When you begin thinking about how to identify the right person for the job, you may come up with a list of specific skills that your assistant will need. But it’s help- ful to review several general factors first.
Compatibility. The relationship between a supervisor and an assistant involves a lot of togetherness. Be sure you pick someone who you believe is worth the investment of time that it will take you to train—and someone you aren’t going to mind spending time with later on.
Ability. Your assistant will often have to handle your responsibilities alone. Choose someone who will be comfortable with those responsibilities and the authority that goes with them.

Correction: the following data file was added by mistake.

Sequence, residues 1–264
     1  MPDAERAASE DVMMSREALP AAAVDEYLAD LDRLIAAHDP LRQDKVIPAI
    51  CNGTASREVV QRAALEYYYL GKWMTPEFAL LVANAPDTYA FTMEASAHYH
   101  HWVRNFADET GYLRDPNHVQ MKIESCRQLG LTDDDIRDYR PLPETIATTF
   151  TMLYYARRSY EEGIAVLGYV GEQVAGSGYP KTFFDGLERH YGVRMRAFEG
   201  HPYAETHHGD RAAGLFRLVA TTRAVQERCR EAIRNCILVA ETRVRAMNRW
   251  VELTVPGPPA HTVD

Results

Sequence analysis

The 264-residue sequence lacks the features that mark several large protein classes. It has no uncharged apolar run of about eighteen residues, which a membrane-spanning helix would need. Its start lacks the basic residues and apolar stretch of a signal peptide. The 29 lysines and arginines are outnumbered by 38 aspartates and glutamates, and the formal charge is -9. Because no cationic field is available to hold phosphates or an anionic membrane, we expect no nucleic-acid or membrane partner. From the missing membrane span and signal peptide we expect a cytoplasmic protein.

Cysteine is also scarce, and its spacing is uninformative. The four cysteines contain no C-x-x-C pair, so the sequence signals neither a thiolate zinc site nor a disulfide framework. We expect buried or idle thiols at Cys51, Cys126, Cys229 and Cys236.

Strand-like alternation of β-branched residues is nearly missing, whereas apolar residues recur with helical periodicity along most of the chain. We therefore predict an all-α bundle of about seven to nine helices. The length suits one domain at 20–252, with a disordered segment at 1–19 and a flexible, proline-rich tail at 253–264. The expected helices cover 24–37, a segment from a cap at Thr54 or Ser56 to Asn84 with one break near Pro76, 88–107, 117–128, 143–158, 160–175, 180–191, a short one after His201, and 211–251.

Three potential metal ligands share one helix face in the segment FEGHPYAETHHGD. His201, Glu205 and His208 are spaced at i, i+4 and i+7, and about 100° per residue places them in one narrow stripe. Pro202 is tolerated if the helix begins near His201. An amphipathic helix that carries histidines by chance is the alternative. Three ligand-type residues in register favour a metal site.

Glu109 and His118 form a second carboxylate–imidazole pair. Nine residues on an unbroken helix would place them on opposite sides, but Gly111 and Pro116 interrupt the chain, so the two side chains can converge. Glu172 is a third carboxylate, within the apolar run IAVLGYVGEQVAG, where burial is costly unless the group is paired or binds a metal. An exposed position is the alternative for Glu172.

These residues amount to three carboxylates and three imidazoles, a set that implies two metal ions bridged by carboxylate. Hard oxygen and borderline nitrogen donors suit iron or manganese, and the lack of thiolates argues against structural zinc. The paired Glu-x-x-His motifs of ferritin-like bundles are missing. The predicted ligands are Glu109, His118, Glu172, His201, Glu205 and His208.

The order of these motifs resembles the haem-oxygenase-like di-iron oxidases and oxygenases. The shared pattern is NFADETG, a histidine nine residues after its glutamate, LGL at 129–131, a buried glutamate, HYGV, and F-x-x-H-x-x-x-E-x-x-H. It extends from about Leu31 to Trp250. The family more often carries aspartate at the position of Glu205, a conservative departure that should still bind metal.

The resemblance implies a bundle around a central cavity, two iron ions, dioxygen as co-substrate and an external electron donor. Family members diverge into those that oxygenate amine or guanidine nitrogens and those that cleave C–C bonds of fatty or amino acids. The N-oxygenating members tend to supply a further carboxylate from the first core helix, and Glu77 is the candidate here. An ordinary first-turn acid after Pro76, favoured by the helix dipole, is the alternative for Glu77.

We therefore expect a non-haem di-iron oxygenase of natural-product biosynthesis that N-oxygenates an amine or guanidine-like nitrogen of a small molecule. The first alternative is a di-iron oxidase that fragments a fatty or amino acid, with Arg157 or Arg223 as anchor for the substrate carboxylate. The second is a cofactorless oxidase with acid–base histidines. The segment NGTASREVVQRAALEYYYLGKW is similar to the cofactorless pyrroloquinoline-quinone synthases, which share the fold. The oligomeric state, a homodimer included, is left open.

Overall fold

Teachability. The person who is going to fill this position must be willing to be taught. He or she must demonstrate loyalty to you and the organization (not the co-workers they hobnobbed with). Only if that person is willing to be a good follower will he or she eventually become a good leader that you can depend on in your absence.
Once you’ve narrowed down the list, you need to do some duties analysis, that is, the work you want your assistant to do. Then determine which skills and abilities are necessary. Once you’ve determined that, you will have a firm basis for deciding which of your finalists would be right for the job.